Wealhtheow, Queen of the Spear-Danes and wife of King Hrothgar, appears briefly in Beowulf as the mistress of Heorot Hall. One of Wealhtheow's most important duties is the ceremonial carrying of a goblet of mead around to the warriors during the feast, helping to establish a tone of brotherly affection between the Geats and Danes.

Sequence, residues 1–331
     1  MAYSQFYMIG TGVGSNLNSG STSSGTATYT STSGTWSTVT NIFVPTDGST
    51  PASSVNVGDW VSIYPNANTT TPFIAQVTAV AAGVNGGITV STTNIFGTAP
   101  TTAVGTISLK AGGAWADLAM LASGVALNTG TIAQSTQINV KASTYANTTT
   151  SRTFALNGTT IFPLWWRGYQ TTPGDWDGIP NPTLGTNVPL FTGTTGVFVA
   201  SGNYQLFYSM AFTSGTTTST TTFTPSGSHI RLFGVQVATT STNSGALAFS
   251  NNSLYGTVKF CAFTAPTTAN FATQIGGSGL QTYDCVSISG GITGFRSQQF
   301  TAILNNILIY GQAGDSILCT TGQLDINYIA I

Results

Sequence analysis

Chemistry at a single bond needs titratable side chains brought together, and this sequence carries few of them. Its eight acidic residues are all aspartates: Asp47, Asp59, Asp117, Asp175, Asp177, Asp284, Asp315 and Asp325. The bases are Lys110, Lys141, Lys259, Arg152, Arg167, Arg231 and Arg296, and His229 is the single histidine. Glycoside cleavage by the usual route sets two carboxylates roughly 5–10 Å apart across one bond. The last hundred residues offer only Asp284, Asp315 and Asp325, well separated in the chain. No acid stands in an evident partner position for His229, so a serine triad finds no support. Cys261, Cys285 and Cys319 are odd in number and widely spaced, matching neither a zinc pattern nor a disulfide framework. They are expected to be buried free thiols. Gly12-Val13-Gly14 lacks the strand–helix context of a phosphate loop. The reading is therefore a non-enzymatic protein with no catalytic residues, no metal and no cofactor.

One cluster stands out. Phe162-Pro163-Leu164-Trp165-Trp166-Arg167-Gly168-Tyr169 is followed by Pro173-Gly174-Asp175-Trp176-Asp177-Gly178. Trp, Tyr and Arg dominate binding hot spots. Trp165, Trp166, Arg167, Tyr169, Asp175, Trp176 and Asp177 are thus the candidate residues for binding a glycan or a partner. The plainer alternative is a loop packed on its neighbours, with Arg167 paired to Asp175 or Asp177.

Wealhtheow also shows anxiety about the future of the Danish kingdom after the death of her husband, especially since Hrothgar adopts Beowulf as his foster son. Her only long speech in the poem is a subtle plea to Beowulf to defend the rights of her young sons, Hrethric and Hrothmund, to the throne. She seems to worry that a great warrior like Beowulf might decide to take the throne for himself.